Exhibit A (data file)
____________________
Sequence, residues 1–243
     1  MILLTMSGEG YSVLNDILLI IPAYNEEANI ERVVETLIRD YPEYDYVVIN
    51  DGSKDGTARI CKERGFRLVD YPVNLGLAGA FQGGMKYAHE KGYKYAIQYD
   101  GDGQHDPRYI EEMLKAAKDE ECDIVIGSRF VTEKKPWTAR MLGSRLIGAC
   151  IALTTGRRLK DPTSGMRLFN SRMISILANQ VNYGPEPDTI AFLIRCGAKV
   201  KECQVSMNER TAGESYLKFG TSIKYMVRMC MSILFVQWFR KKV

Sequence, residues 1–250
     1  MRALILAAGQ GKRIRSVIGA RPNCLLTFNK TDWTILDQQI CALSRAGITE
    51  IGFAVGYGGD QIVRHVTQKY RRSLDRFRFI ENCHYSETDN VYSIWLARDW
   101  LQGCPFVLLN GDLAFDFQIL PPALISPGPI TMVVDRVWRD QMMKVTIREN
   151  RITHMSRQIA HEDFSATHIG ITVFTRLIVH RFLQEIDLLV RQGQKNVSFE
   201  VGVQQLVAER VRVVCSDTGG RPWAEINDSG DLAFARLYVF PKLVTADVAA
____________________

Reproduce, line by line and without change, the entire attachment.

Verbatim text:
Sequence, residues 1–243
     1  MILLTMSGEG YSVLNDILLI IPAYNEEANI ERVVETLIRD YPEYDYVVIN
    51  DGSKDGTARI CKERGFRLVD YPVNLGLAGA FQGGMKYAHE KGYKYAIQYD
   101  GDGQHDPRYI EEMLKAAKDE ECDIVIGSRF VTEKKPWTAR MLGSRLIGAC
   151  IALTTGRRLK DPTSGMRLFN SRMISILANQ VNYGPEPDTI AFLIRCGAKV
   201  KECQVSMNER TAGESYLKFG TSIKYMVRMC MSILFVQWFR KKV

Sequence, residues 1–250
     1  MRALILAAGQ GKRIRSVIGA RPNCLLTFNK TDWTILDQQI CALSRAGITE
    51  IGFAVGYGGD QIVRHVTQKY RRSLDRFRFI ENCHYSETDN VYSIWLARDW
   101  LQGCPFVLLN GDLAFDFQIL PPALISPGPI TMVVDRVWRD QMMKVTIREN
   151  RITHMSRQIA HEDFSATHIG ITVFTRLIVH RFLQEIDLLV RQGQKNVSFE
   201  VGVQQLVAER VRVVCSDTGG RPWAEINDSG DLAFARLYVF PKLVTADVAA